The Liv Intrigue LT is the Highly Capable and Versatile Enduro Bike that Women Deserve [Review]

The Liv Intrigue LT Advanced Pro enduro bike offers outstanding performance, unmatched versatility, and the latest tech that will impress even the toughest critics.

The 2023 Liv Intrigue Advanced LT Pro boasts advanced features, cutting edge technology and exceptional performance in an absolutely stunning package that’s sure to garner admirers on the trail, and make even the manliest of men take a second glance. Once again, the brand has created an outstanding, high-end and highly capable mountain bike designed for women.

Liv Intrigue LT key specs

  • Key specs: Carbon frame, 3 flip chip settings, in-frame storage
  • Suspension travel: 160mm front, 150mm rear
  • Wheel size: mixed (MX) wheel sizes XS and small; 29er front and rear for sizes medium and large (with option to convert to MX)
  • Geo: 65.1° (mid) head tube angle, 77.6° (mid) seat tube angle, 442mm reach (mid) (size medium)
  • Weight: 30.9lb (size medium)
  • Price: $12,500 (Advanced Pro 0 build)

In the spirit of radical honesty, I wanted to hate this bike. I tend to shy away from products that claim to be designed for women. Not because I don’t find them intriguing (pun intended); because I’ve found many products are designed by men, for women, which misses the point entirely. In my not so humble opinion, women’s products should be designed by women for women because women understand the size constraints, weight distribution and overall experience of living and riding in a woman’s body. That being said, I can honestly say the Liv Intrigue LT Advanced Pro is by far the most versatile and capable bike I have personally tested and Liv has absolutely nailed the design with women in mind.

Photo: Matt Miller

Liv Intrigue frame specs

I tested the 2023 Liv Intrigue LT Advanced Pro 0. This model is priced at a whopping $12,500 and is the most robust model Liv offers in their current lineup. Liv also offers the Intrigue LT Advanced Pro 1 model, which is significantly cheaper at $7,000, but comes at the cost of downgraded components.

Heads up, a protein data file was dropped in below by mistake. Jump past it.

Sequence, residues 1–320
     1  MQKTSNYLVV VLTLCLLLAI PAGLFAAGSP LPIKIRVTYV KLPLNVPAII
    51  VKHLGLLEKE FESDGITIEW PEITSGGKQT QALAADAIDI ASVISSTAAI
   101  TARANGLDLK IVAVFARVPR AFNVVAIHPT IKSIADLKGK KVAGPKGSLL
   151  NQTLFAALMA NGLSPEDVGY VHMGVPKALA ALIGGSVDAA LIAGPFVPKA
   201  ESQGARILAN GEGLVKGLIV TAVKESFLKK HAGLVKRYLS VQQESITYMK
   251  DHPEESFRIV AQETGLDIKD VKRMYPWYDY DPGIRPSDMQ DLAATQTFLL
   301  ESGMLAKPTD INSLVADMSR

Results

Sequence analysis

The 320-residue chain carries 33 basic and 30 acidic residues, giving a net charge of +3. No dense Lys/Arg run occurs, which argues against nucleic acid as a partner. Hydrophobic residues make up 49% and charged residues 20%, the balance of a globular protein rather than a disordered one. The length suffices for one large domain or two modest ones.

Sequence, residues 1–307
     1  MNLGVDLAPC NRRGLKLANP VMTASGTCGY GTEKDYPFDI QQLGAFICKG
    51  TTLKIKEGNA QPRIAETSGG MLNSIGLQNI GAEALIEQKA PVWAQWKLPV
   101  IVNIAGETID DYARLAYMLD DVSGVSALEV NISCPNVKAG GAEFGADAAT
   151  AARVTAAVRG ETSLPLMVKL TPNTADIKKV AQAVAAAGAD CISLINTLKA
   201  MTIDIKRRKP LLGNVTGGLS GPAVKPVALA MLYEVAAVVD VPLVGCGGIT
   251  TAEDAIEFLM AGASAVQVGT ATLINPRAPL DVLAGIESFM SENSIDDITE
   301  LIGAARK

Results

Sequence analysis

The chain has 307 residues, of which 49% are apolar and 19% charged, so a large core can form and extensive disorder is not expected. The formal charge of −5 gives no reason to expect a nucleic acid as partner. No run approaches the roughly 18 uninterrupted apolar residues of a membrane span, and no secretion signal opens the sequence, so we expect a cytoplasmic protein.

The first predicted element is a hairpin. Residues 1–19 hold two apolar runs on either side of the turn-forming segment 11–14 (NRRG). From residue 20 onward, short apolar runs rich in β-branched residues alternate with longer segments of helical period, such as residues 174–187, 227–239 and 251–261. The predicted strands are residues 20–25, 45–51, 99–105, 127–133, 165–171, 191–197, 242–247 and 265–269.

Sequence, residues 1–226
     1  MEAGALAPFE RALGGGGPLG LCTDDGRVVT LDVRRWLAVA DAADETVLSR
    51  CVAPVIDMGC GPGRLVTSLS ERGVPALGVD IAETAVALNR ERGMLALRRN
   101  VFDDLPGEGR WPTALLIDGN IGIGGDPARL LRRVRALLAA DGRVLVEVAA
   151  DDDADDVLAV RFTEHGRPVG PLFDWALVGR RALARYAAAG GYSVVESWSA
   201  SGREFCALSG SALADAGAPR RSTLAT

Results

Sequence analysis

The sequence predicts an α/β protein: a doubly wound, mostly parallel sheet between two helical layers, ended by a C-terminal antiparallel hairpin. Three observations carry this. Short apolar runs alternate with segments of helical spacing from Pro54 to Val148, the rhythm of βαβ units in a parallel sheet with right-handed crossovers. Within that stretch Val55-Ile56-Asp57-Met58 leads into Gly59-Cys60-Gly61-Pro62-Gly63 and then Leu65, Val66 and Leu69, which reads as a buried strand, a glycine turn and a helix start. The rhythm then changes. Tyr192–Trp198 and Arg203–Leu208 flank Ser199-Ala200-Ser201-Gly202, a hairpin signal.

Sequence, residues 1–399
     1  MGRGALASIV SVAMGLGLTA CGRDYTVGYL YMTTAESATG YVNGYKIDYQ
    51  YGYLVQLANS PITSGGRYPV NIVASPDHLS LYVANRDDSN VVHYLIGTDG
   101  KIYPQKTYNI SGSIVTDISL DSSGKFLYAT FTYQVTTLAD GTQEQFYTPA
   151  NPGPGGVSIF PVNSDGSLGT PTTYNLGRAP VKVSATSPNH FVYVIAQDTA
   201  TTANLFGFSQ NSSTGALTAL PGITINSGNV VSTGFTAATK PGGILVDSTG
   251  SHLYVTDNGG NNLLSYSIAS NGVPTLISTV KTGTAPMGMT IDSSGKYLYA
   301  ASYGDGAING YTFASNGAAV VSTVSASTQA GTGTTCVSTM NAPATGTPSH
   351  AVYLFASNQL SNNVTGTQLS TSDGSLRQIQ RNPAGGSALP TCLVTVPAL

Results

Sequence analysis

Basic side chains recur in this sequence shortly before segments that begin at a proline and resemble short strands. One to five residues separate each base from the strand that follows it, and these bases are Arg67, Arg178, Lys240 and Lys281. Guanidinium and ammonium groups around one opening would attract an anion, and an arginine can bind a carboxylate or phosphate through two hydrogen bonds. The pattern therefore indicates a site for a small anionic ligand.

I’m not going to lie, my mouth was agape at the price tag, especially given the amount of bikes on sale at this current point in time. If price is no object, however, this bike is perfect for passionate, progressive, performance driven mountain bikers and an absolute stunner to the Nth degree.  

The moment I assembled the bike I was blown away. The sleek frame design, internally routed cables and subtle glitter color result in an exquisite visual combo and the components are as high-end and high-tech as they come.

The Intrigue is constructed using Liv’s advanced grade composite material, striking the perfect balance of lightweight agility and beast-mode durability. Without pedals, the size medium (tested) weighs 30.90lbs. Truth be told this isn’t the lightest bike on the market, but it certainly felt that way on the trail.  

The lustrous frame is equipped with a Maestro 3 flip chip that allows riders to easily change the head tube and seat tube angles, rear wheel size, and bottom bracket height between three different settings. This can be accomplished by “using two different flip chips – a combination high/low chip or a dedicated mid-position chip.” Liv says “the average difference between each setting is 0.4° for the head tube and seat tube angles with an average difference of 5mm of bottom bracket drop.”

This is a nice feature for those who like to tinker, and those who are in between sizes, allowing for slight geometry adjustments and a customizable riding experience. The Maestro system has an added bonus of downtube storage which is perfect for storing small essential items such as a multi-tool, innertube, CO2 cartridge, or a snack.

The flip chip technology is available on all sizes, through XS/S frame sizes are designed for a mixed wheel (mullet) setup only, while sizes medium and large can be run with 29er wheels front and rear, or in mixed-wheel mode.

I cannot speak to the mullet configuration or feel of the XS/S. However, given the superb design, I’d venture a guess the design is performance driven and take Liv’s word for it.

Sizing and geometry

I’m 5’5” which always seems to fall directly in the middle of sizes small and medium on most size charts. Typically I opt to size up, as I prefer to be a part of the bike, rather than a top seat passenger. I can say that being on the tall end of short and selecting a size medium was the correct choice; the sizing is exactly what I want it to be.

The 447mm reach on the size medium bike is in-line with many similar-sized, long-travel bikes on the market, and it’s the maximum capacity for my wing span. It’s tough to make a perfect comparison because the Intrigue is sized with the average woman in mind, so the size ranges are slightly different.